Any way you shape it or slice it, Wisconsin Cheese is the tastiest around. Knowing how to properly cut cheese can help ensure that everyone at the table gets an equitable, bite-sized nibble.
The wedge is one of the most iconic shapes in the cheese world. With a thick base and tapered end, it can be a bit of mystery determining how to best slice up that little wedge of Wisconsin wonderful. Never fear, we’re here to help
For a wedge of semi-soft cheese, like gouda, first trim off the wax rind. Cut the wedge in half. Then slice each half into long, thin, triangle-like wedges. Depending on how large the wedge is, you may want to cut each slice in half vertically.
Firm or Semi-Firm
Example: Black Pepper BellaVitano®
For a long, narrow wedge of firm or semi-firm cheese, like BellaVitano®, first cut it in half. Cut the narrow half into long, thin slices. Rotate the thicker half 90˚ and slice into long, thin wedges.
This method is great for serving cheeses that have been rubbed with herbs or other flavorful ingredients so everyone gets a bite of spice.
Example: Pleasant Ridge Reserve
A wedge of alpine-style cheese or other semi-firm cheeses with a natural rinds, can easily be sliced into thin triangles. It’s perfectly fine to leave the rind on the top edge for serving. With a thicker wedge, slice the triangles vertically into thinner triangles.
Example: The Blue Jay
Cut a wedge of blue cheese into individual servings by starting at the center of the narrow end of the wedge and cutting outward in a radial pattern.
BRICKS & BLOCKS
With a little handiwork and the right cutting pattern, these chunks of cheese can be transformed into something far more elegant than a pile of cubes.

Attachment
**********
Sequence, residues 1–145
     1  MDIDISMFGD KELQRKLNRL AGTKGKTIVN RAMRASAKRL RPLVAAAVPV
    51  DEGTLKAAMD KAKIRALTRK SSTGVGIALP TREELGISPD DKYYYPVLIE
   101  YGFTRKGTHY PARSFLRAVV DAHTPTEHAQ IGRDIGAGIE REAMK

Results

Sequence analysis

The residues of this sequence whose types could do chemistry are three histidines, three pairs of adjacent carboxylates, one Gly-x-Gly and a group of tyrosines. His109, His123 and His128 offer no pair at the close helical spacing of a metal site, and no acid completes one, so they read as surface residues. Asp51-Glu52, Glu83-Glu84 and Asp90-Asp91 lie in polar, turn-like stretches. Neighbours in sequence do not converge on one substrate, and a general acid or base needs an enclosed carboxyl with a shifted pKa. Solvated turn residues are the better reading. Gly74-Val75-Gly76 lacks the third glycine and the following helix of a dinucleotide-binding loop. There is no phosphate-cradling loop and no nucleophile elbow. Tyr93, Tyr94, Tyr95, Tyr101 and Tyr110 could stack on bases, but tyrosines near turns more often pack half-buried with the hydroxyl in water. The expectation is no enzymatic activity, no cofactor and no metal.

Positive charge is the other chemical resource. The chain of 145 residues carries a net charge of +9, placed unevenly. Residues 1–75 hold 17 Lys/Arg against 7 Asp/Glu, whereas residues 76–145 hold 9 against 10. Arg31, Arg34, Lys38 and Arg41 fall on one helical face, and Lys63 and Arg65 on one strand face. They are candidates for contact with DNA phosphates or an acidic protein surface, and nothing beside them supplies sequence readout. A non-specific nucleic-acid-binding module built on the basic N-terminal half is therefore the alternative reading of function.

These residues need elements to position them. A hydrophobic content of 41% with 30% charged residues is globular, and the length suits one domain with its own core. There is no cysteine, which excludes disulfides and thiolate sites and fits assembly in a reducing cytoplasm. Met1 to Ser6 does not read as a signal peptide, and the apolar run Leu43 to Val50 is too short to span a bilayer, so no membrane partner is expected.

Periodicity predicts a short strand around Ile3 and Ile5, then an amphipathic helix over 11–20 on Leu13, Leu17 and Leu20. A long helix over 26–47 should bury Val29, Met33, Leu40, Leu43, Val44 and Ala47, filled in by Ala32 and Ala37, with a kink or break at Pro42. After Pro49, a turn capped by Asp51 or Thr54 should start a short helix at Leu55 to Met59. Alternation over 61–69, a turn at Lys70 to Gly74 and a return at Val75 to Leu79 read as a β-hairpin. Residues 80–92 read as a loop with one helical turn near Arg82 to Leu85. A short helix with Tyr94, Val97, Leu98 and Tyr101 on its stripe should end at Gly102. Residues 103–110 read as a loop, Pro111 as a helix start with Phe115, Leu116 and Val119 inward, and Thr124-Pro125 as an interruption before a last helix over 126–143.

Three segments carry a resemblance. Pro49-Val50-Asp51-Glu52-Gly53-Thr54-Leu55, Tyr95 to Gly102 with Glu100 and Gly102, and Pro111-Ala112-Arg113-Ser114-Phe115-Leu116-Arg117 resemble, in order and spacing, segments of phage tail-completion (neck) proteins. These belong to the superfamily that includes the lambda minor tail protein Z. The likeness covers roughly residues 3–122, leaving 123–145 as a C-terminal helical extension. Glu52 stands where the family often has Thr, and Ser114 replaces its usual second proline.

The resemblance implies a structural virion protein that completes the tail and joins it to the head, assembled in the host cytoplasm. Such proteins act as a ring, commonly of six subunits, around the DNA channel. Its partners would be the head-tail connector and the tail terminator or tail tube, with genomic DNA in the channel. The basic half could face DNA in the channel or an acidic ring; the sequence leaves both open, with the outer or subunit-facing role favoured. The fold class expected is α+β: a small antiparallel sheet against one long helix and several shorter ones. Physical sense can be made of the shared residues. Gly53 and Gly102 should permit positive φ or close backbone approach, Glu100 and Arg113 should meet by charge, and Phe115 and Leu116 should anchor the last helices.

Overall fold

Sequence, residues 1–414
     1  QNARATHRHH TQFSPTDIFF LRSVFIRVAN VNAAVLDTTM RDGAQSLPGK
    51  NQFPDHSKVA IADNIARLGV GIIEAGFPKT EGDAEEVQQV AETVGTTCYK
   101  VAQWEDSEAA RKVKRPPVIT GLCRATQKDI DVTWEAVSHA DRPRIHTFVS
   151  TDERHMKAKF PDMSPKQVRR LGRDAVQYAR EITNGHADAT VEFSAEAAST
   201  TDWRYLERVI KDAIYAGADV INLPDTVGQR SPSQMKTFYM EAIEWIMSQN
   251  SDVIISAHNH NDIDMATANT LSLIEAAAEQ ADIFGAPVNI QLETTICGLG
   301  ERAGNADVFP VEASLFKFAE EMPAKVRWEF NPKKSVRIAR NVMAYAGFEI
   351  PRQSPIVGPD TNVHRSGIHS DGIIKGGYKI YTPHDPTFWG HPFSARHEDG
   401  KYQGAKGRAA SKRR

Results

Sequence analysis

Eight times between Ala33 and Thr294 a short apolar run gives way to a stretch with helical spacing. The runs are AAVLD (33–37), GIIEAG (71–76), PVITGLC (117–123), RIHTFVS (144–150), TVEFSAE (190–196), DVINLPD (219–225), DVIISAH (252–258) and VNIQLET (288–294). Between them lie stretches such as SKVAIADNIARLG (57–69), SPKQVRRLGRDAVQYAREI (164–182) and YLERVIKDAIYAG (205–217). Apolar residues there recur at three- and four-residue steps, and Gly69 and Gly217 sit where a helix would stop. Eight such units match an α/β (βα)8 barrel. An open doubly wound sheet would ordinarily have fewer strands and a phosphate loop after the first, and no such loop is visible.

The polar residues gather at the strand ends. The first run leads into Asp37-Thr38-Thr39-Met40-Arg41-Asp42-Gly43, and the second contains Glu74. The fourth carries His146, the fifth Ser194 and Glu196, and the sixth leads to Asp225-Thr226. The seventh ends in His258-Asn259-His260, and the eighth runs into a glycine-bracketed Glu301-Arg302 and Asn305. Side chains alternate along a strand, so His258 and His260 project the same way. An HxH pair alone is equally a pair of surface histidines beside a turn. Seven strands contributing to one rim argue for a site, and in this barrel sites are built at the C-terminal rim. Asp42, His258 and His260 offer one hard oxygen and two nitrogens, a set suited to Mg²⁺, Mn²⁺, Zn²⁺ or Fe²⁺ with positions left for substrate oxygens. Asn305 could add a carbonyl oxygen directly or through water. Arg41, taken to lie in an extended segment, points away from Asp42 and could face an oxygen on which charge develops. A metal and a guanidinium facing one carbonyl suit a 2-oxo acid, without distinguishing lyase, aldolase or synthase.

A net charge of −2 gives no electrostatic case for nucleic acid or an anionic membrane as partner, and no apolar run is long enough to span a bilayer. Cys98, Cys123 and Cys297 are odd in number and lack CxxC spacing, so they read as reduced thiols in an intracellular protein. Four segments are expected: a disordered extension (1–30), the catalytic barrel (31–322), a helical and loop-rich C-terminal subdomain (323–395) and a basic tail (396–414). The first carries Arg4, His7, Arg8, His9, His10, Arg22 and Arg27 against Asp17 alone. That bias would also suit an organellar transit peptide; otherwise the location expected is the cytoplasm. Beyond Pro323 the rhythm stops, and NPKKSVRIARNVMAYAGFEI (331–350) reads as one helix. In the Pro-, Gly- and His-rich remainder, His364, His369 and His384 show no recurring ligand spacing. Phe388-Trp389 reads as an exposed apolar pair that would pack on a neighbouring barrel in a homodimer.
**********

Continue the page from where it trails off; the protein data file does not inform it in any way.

Example: Hook's Five Year Aged Cheddar
Transform a block of cheddar or other semi-firm cheese into pretty triangles in a few easy steps. First, cut the block in half. Slice each half into rectangular pieces about 1/8-inch thick, then cut each rectangular piece diagonally to form two triangles.
THE RIGHT TOOL FOR THE JOB
With their strange prongs and shapes, cheese knives can be a bit of a mystery.
Knowing which knife to use, and how to properly use them, however, can up your cheeseboard game and make slicing and serving a breeze.
We couldn’t possibly cover all the cheese knives shapes and varieties, but here’s a crash course on a few of the basics.
Pronged Cheese Knife
Think of the pronged cheese knife as the little black dress of the cheese knife world – it goes with everything. It’s great for cutting soft cheese like brie, but can also be used for slicing harder cheeses. The pronged tip makings picking up and serving cheese pieces a breeze, so we consider this a must-have tool for any cheeseboard.
Soft cheese knife
You’ll know this knife is a softy when you see the holes. The soft interior of softer cheeses means they are inclined to stick to a solid knife. To avoid sticking or mutilating the cheese when you cut, reach for something with a very thin, sharp straight blade or a knife with holes.
This one is pretty self-explanatory. Use it to serve soft, spreadable cheeses with ease.
This classic slicer is great for shaving off paper-thin portions of cheese for tasting. Works great with semi-soft and semi-hard varieties.
Shaped like a tiny paddle, this knife makes a great addition to any cheeseboard. Reach for it whenever you want to easily serve chunks of hard, crumbly cheeses.
Despite the name, this knife works wonders in any hard cheese situation. The pointed tip makes it easy to break off bits and bites.
Although sometimes referred to as the “cheddar cleaver,” this tool needn’t be reserved for just one variety of cheese. Use it to easily slice up anything from hard to semi-soft cheeses.
Now that you’ve got the knowledge, show us your slicing skills by making this Spicy Game Day Cheeseboard, this Brunch Berry Cheeseboard or another selection from our collection of over 300 recipes featuring Wisconsin Cheese. Share a photo of your next Wisconsin cheeseboard on Instagram and become part of the largest cheese community in the world.